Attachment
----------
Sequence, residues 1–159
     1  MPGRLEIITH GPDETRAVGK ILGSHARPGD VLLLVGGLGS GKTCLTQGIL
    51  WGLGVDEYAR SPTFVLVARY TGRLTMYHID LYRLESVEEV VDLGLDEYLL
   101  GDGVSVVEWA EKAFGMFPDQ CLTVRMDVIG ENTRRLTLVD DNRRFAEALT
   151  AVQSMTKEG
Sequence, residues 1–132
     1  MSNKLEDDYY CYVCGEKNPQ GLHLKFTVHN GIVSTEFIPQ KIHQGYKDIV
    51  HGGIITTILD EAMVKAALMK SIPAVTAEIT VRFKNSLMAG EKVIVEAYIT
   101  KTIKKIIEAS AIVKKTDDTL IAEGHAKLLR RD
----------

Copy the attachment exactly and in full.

Sequence, residues 1–159
     1  MPGRLEIITH GPDETRAVGK ILGSHARPGD VLLLVGGLGS GKTCLTQGIL
    51  WGLGVDEYAR SPTFVLVARY TGRLTMYHID LYRLESVEEV VDLGLDEYLL
   101  GDGVSVVEWA EKAFGMFPDQ CLTVRMDVIG ENTRRLTLVD DNRRFAEALT
   151  AVQSMTKEG
Sequence, residues 1–132
     1  MSNKLEDDYY CYVCGEKNPQ GLHLKFTVHN GIVSTEFIPQ KIHQGYKDIV
    51  HGGIITTILD EAMVKAALMK SIPAVTAEIT VRFKNSLMAG EKVIVEAYIT
   101  KTIKKIIEAS AIVKKTDDTL IAEGHAKLLR RD